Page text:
What is the Meaning of: Galaxy | Concept and Definition of: Galaxy


Meanings, definitions, concepts of daily use

The concept of Galaxy comes from the latin galaxias which, in turn, is borrowed from a Greek term. According to the Larousse dictionary online, a Galaxy is a large set formed by a variable amount of stars, planets, interstellar (or cosmic) dust, gas and particles.
In galaxies there are several substructures such as nebulae, star clusters and multiple stellar systems. From Earth, all the stars that are visible at simple view belong to our own galaxy, the milky way.
The stars that are part of a Galaxy maintain a gravitational interaction and orbit around a common centre (in the case of the milky way, the Center is the Sun).
Intergalactic space is formed by a gas that has an average density less than the atom per cubic meter. In general, the galaxies have several associations known as clusters which, in turn, can form larger associations (Supercluster).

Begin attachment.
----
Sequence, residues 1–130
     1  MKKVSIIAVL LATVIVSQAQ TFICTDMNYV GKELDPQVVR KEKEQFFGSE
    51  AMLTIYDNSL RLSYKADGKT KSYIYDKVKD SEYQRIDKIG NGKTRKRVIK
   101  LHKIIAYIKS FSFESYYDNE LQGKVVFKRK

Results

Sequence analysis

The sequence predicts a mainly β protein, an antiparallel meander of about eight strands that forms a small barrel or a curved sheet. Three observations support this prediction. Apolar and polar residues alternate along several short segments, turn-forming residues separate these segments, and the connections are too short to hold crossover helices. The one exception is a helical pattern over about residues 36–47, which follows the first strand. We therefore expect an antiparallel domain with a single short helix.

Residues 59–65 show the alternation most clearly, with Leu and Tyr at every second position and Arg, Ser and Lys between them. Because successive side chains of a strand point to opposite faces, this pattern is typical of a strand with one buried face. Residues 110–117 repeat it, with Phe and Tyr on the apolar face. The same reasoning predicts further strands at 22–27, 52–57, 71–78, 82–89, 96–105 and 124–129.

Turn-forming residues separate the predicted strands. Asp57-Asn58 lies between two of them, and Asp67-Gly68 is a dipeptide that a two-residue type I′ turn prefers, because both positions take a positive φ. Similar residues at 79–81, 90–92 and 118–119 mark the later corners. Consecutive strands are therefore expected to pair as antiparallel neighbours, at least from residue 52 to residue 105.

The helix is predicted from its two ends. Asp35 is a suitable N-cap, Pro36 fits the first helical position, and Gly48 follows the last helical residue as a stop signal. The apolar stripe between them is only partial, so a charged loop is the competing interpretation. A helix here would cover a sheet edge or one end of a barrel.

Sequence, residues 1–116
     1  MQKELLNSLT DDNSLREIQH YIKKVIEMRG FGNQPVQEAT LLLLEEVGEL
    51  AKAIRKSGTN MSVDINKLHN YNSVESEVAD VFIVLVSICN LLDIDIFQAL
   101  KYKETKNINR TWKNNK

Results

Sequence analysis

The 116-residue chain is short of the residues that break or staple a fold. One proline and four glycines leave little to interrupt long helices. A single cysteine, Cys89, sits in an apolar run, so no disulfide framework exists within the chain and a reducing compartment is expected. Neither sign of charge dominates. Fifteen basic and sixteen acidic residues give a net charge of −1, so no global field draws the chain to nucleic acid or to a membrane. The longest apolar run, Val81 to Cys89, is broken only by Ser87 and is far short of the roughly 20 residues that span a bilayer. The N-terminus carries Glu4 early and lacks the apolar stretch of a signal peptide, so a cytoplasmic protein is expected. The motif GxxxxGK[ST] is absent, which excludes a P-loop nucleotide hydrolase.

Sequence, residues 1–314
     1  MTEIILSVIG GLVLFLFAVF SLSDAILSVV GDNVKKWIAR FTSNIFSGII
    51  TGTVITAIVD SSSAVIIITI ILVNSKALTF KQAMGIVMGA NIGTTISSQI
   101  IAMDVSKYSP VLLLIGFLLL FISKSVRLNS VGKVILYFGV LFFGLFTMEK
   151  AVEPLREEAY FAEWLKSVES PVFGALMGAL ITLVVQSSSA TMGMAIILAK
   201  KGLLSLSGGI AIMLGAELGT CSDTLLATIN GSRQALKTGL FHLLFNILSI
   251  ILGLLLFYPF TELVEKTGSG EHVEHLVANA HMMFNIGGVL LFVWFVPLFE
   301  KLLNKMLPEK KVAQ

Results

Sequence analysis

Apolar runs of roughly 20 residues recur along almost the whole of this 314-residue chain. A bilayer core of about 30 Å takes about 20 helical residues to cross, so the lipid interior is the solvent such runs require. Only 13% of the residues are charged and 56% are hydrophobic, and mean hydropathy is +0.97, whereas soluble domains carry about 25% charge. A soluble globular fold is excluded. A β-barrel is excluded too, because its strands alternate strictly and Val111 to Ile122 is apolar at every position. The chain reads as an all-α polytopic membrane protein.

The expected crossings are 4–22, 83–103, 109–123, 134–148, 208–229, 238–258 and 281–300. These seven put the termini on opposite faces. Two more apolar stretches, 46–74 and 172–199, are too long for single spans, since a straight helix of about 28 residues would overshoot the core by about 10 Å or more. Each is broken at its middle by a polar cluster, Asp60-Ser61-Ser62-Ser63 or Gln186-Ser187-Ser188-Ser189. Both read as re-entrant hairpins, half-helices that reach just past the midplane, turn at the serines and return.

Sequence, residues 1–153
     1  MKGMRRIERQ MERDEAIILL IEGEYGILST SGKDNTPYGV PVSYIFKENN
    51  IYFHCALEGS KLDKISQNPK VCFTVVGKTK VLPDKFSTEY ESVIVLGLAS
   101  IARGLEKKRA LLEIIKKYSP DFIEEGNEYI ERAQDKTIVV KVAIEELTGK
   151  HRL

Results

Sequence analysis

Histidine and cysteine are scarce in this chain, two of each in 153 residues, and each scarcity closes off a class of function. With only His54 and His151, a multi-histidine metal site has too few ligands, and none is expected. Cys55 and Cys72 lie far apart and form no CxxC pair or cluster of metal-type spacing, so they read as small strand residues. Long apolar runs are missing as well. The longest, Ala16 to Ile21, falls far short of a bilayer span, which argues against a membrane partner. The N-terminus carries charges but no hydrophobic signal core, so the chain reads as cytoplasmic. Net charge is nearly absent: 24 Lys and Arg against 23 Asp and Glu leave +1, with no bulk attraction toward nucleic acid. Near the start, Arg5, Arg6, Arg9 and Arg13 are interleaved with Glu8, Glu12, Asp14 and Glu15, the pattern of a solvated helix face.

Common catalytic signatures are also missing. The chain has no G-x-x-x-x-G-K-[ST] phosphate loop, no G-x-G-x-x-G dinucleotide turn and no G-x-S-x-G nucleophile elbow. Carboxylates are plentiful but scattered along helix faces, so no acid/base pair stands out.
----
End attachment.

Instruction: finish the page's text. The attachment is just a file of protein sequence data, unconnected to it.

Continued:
Galaxies may have different forms. That said, it is worth mentioning the irregular galaxies (they have disturbances generated by the gravitational attraction of nearby galaxies), elliptical galaxies (they have the shape of an ellipse) and spiral galaxies (they have a circular shape and curved arms wrapped dust), for example.
The milky way belongs to a group of about 40 galaxies, namely, the Local Group. This group has a weight of 1012 solar masses and an average diameter of about 100,000 light years. Scientists believe that our Galaxy contains between 200,000 and 400,000 millions of stars.
Note: This translation is provided for educational purposes and may contain errors or be inaccurate.